Contributors to Pediatric Obesity in Adolescence: More than just Energy Imbalance
Michelle Cardel*, Akilah Dulin-Keita, Krista Casazza
Identifiers and Pagination:Year: 2011
First Page: 17
Last Page: 26
Publisher Id: TOOBESJ-3-17
Article History:Received Date: 13/08/2009
Revision Received Date: 31/08/2009
Acceptance Date: 22/10/2009
Electronic publication date: 1/3/2011
Collection year: 2011
open-access license: This is an open access article distributed under the terms of the Creative Commons Attribution 4.0 International Public License (CC-BY 4.0), a copy of which is available at: https://creativecommons.org/licenses/by/4.0/legalcode. This license permits unrestricted use, distribution, and reproduction in any medium, provided the original author and source are credited.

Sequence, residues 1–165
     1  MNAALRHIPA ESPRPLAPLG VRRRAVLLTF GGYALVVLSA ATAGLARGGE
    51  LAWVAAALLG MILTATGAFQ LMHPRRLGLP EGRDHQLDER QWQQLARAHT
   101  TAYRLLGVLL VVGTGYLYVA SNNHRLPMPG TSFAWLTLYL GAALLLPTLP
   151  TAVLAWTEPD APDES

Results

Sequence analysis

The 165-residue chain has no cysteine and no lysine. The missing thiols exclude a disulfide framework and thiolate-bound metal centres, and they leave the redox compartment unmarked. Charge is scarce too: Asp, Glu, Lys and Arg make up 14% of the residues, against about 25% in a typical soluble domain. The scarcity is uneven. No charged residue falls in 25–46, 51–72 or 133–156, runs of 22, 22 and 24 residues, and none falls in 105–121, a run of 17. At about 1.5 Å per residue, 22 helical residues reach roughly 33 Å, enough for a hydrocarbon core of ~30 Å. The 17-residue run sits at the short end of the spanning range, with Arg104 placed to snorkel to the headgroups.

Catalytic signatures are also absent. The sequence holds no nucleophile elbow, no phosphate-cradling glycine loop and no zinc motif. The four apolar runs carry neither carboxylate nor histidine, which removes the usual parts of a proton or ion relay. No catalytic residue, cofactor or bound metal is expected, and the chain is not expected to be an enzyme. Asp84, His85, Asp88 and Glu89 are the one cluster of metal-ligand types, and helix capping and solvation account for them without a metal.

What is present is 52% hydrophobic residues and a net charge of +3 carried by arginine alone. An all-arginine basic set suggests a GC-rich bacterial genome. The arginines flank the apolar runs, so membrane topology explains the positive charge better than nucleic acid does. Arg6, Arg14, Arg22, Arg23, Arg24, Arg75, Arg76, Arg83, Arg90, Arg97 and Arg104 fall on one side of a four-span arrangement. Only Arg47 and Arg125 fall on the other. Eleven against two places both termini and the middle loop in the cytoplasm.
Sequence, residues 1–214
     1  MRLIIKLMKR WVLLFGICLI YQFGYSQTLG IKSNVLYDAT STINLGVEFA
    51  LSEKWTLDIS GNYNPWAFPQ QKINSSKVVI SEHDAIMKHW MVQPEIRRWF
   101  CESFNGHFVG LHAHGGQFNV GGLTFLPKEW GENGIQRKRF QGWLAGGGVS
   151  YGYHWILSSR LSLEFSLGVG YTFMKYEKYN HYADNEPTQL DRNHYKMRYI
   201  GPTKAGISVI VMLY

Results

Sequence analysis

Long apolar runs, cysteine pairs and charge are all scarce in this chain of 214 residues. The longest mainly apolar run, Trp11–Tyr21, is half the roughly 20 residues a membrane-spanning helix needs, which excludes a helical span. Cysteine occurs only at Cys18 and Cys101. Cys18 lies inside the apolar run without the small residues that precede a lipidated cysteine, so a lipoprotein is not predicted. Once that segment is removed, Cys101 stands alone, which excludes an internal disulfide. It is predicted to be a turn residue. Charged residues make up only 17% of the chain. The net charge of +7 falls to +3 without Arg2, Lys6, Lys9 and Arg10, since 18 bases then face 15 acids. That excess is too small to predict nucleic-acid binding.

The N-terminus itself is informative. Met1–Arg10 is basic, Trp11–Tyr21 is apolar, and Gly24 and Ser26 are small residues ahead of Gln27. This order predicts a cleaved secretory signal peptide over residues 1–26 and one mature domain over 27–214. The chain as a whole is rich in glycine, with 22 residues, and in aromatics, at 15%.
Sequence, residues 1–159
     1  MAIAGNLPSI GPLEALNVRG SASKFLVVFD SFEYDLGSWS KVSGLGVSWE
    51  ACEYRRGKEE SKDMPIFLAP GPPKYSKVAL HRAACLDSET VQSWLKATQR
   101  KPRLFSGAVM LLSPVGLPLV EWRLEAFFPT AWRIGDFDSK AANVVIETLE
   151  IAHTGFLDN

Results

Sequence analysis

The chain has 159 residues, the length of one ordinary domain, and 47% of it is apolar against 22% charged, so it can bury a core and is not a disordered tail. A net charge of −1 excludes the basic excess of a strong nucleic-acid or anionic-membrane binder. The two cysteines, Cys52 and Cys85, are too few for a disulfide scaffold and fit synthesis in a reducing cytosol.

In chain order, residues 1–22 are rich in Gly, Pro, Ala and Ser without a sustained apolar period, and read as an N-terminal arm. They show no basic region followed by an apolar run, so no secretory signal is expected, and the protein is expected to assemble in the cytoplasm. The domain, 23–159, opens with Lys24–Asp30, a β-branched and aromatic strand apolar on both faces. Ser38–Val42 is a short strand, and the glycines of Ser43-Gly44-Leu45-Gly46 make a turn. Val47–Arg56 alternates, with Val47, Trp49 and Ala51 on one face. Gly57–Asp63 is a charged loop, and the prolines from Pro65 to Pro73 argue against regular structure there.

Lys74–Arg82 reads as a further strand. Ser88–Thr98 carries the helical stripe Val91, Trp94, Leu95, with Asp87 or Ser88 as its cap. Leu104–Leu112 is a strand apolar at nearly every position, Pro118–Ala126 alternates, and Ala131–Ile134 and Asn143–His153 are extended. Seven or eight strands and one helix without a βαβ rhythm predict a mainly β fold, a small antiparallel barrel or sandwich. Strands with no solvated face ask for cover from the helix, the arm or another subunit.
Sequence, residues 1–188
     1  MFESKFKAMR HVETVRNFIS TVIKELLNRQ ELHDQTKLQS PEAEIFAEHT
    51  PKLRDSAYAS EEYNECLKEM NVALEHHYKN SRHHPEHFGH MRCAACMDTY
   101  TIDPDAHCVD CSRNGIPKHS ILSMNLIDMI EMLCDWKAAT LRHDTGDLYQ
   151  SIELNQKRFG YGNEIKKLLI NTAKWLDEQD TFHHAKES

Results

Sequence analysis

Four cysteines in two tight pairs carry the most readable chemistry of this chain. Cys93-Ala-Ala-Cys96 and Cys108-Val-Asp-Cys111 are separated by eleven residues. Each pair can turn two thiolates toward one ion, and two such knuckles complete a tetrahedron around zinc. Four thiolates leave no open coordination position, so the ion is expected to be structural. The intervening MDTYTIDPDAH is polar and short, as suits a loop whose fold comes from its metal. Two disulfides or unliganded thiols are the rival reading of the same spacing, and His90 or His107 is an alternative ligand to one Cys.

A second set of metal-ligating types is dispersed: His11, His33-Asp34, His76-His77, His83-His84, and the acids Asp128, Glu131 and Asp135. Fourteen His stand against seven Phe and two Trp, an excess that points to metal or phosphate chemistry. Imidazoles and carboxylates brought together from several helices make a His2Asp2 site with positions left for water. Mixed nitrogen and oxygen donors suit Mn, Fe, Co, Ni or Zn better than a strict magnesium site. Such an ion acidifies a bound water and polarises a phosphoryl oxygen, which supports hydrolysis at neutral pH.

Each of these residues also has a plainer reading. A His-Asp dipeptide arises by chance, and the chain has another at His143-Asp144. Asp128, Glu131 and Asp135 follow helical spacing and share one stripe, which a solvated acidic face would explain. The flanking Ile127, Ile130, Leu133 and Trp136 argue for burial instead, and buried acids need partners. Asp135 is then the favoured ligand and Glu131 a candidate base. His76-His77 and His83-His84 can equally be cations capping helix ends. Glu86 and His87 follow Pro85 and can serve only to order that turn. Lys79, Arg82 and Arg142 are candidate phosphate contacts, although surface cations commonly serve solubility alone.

Disentangling the etiology of pediatric obesity continues to challenge researchers. Due to rapid growth and development, changes in the hormonal milieu, increased autonomy in feeding practices and greater interactions with environmental factors, adolescence is a particularly important period for the determination of body composition trajectories and the relationship to current and future obesity outcomes. A plethora of studies have focused on excess energy consumption and physical inactivity as they relate to weight and fat gain in adolescence. Although these “Big Two” have an impact, the increasing trends in pediatric obesity are not accounted for solely by increased energy intake and decreased physical activity. Indeed, under similar conditions of energy balance, inter-individual variation in fat accumulation has been consistently noted. It is becoming more evident that additional factors may contribute independently and/or synergistically to the increase in obesity. Such factors include (but are not limited to) metabolic programming and in early childhood, the hormonal environment, endocrine disruptors, parental feeding practices, and the built environment. Our objective, therefore, is to investigate possible factors, particularly in adolescence that contributes to the increase in pediatric obesity beyond “The Big Two”.